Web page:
Calibration Monitor difference Facebook,Instagram etc.

Started 3 months ago | Discussions thread
ToshDog
ToshDog Forum Member • Posts: 87
Re: Calibration Monitor difference Facebook,Instagram etc.
4

Starkiller wrote:

Fcebook does not support color management.

You sure?

The only browser with color management is Firefox, but you have to manually activate it.

Not even close: there are far more color managed browsers: Safari for example and more:

http://www.gballard.net/psd/go_live_page_profile/embeddedJPEGprofiles.html

type in:
about:config
Search for:
gfx.color_management.mode -> set value to "1" (2 is standard)
gfx.color_management.enablev4 -> set value to "true"

No longer necessary. CMS is on by default now.

Your image must have an embedded color profile. Without an embedded color profile, the profile can not be read.

Yes it can; all color managed applications must make an assumption for untagged data, usually that is sRGB. When you select an RGB Working Space in Photoshops Color Settings, you're also telling Photoshop to assume all untagged data is in sRGB. Switch that to Adobe RGB, all untagged images are now assumed to be Adobe RGB. View sRGB assumed as Adobe RGB or vise versa, you've got a problem! Which is one reason sRGB is recommended for posting to the web. With a profile ideally. But without the profile yet with with a proper color management assumption, no need for that profile, all is fine.

Loading up an image to Facebook deletes the profile.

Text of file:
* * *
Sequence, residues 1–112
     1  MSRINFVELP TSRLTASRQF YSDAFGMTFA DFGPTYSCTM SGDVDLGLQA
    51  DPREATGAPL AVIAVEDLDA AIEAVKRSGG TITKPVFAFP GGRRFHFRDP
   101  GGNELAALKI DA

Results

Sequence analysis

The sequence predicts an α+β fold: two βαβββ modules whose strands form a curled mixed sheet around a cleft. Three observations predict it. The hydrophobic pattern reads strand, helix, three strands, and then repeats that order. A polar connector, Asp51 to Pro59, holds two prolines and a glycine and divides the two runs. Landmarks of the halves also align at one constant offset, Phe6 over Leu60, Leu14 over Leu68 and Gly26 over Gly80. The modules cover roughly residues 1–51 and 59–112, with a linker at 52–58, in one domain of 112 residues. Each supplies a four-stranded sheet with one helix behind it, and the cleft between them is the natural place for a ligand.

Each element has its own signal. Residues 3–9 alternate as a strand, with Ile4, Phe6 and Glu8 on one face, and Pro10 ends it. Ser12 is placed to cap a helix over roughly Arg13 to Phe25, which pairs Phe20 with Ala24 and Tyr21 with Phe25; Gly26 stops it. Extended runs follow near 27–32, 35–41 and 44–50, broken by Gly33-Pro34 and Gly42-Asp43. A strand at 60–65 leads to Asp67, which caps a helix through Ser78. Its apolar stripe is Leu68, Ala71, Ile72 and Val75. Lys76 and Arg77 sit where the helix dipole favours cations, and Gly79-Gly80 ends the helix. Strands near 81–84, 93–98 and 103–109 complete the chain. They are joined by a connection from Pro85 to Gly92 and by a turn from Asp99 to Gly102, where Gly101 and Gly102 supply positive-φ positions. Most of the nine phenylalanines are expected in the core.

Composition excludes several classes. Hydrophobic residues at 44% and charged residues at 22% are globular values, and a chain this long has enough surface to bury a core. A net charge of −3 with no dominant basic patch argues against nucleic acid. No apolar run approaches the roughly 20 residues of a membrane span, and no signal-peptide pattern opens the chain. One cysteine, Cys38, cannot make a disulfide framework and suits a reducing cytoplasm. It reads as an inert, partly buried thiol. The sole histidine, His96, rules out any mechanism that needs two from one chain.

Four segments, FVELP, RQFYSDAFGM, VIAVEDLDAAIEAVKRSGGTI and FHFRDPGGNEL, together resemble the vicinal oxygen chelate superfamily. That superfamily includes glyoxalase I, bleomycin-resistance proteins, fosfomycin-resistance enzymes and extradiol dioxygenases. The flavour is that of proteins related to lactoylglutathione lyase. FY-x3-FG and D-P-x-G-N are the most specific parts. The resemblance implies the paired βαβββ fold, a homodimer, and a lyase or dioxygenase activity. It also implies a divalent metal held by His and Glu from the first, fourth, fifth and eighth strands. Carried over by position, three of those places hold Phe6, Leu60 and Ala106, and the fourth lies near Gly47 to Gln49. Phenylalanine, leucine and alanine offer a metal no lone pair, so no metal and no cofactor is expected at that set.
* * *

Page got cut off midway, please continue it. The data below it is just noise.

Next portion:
And sRGB is used for the assumption of the color space in most if not all color managed browsers. You can't have color management without a color space to assume (or know via the tag or EXIF) in order to preview that image. If the data is in that color space, all is fine. Facebook just wants to save 4k per image uploaded with that profile so they strip it, I can see how billions of 4K ICC matrix profiles can add up. Facebook read through a color managed application using sRGB for untagged data, from sRGB data; no problems at all.

Your browser then most likely uses the monitor profile, which is bad, if have a wide garmut monitor.

Safari did this many years ago and it's a mistake to do so, Apple smartly changed this to sRGB. This has nothing to do with sRGB or wider gamut displays, it's a bad idea to assume a display for untagged data instead of sRGB; who actually converts their image data to their display color space? As such, it's silly to assume this. But sRGB can make a lot more sense.

Bottom line: you need a color managed browser. There are many. You need to upload sRGB not because it's ideal but because the vast majority of images, with or without a tag going to the web are reasonably close to sRGB. So when you assume sRGB, it should be fine when the data is in sRGB.

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